During GP2's existence there was an FIA backed attempt to revive Formula Two, set up by former European Formula Two Champion Jonathan Palmer, owner of MotorSport Vision. This version of F2 was completely independent of GP2, using Williams built chassis and Audi 1.8 litre, turbocharged engines. However, while budgets for the new F2 were significantly cheaper, the series would never achieve popularity, lasting just four seasons between 2009 and 2012.
In 2017, however, the FIA decided to re-brand the GP2 Series, reviving the old F2 moniker after obtaining the rights to the name. Indeed, not only would F2 take over GP2's teams, drivers and calendar, but it would also continue to use the same Dallara GP2/11 cars designed for GP2. For 2018 Dallara would build an entirely new car, with a smaller capacity, turbocharged, Mecachrome engine.
The FIA Formula Two Championship would become a central part of the FIA's "Global Pathway", a concept designed to refine the path from karting to Formula One. Indeed, F2 became the final step on the ladder to Formula One, with future drivers expected to race in each tier of the ladder to get the best experience prior to joining the F1 circus. Time would tell as to whether the new structure would work, although renaming the GP2 Series to Formula Two was seen as a key step in branding the Pathway.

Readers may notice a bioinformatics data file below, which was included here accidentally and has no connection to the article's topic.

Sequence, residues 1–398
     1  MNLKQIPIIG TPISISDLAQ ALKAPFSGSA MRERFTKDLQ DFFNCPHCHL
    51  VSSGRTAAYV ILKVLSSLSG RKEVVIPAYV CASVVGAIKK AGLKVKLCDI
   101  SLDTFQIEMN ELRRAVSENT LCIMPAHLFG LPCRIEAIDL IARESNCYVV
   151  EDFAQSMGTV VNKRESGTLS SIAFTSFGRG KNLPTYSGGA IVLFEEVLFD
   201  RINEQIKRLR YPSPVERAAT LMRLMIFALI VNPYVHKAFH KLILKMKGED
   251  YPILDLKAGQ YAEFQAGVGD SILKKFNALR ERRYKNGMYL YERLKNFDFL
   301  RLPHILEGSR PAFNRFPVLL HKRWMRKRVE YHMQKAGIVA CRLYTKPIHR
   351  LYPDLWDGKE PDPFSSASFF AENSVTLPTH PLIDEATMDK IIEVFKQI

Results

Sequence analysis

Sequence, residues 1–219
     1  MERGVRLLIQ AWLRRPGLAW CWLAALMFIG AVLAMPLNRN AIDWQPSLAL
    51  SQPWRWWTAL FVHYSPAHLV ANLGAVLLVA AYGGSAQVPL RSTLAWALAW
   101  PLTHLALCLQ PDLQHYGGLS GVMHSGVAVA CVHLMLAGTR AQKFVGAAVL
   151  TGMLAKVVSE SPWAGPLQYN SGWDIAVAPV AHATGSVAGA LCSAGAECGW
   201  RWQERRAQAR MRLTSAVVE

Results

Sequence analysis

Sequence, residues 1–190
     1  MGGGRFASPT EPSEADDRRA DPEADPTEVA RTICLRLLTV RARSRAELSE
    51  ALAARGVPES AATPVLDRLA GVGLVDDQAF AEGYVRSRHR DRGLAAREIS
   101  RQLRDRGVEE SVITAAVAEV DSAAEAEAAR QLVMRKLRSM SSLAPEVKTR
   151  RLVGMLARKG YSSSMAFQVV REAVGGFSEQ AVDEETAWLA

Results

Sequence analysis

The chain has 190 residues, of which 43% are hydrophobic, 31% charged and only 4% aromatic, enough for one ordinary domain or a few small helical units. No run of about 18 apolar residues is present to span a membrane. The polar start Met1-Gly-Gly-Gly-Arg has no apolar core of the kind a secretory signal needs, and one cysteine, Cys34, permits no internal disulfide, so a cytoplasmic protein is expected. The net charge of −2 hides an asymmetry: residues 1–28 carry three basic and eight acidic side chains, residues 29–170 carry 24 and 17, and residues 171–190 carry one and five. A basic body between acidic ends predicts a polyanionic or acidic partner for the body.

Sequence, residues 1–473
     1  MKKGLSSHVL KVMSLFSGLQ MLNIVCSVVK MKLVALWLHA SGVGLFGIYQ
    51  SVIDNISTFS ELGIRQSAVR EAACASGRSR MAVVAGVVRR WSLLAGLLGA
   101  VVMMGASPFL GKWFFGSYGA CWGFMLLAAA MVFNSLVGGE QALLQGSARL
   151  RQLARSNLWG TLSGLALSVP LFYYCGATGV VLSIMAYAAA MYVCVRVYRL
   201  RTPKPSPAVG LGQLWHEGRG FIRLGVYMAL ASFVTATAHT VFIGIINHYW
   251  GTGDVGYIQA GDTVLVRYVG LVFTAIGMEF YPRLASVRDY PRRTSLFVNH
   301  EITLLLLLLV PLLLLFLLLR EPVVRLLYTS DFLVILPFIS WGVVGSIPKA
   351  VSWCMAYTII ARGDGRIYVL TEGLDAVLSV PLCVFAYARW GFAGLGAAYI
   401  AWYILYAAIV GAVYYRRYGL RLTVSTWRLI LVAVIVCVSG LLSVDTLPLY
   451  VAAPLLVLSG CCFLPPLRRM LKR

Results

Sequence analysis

The first F2 season was staged in 2017, and would see a junior driver from one of the teams in F1 take the crown, complementing the FIA's plans for the series. Indeed, Ferrari Driver Academy racer Charles Leclerc would dominate the first F2 campaign, winning seven races en-route to the crown. He duly moved into Formula One for the 2018 season, with a new wave of F1 backed drivers arriving in the series for 2018.
Rules & Regulations
Images and Videos:
- ↑ 1.0 1.1 1.2 'THE CHAMPIONSHIP', fiaformula2.com, (FIA Formula Two, 2018), http://www.fiaformula2.com/Guide-to/The-series/, (Accessed 04/09/2018)
- ↑ 2.0 2.1 2.2 2.3 Tom Howard, 'GP2 Series renamed FIA Formula 2', speedcafe.com, (Speedcafe, 10/03/2017), https://www.speedcafe.com/2017/03/10/gp2-series-renamed-fia-formula-2/, (Accessed 13/06/2018)
- ↑ 3.0 3.1 'LECLERC ENDS ON TOP WITH ABU DHABI SPRINT WIN', fiaformula2.com, (FIA Formula Two, 26/11/2017), http://www.fiaformula2.com/News-Room/News/2017/11_November/Leclerc-ends-on-top-with-Abu-Dhabi-sprint-win/, (Accessed 12/07/2018)
- ↑ 4.0 4.1 4.2 Spurgeon, Brad, 'Formula One experiments with its minor league', The International Herald Tribune, (01/06/2005), p.22
- ↑ 'F2 reveals new car, confirms halo from 2018', speedcafe.com, (Speedcafe, 01/09/2017), https://www.speedcafe.com/2017/09/01/f2-reveals-new-car-confirms-halo-2018/, (Accessed 13/06/2018)
- ↑ 6.0 6.1 'About', formula4.com.au, (CAMS, 2015), http://www.formula4.com.au/?page_id=3852, (Accessed 05/09/2018
- ↑ 'Sauber confirm Leclerc & Ericsson, as Alfa Romeo livery revealed', formula1.com, (Formula One World Championship Ltd., 02/12/2017), https://www.formula1.com/en/latest/headlines/2017/12/sauber-confirm-leclerc---ericsson--as-alfa-romeo-livery-revealed.html, (Accessed 02/12/2017)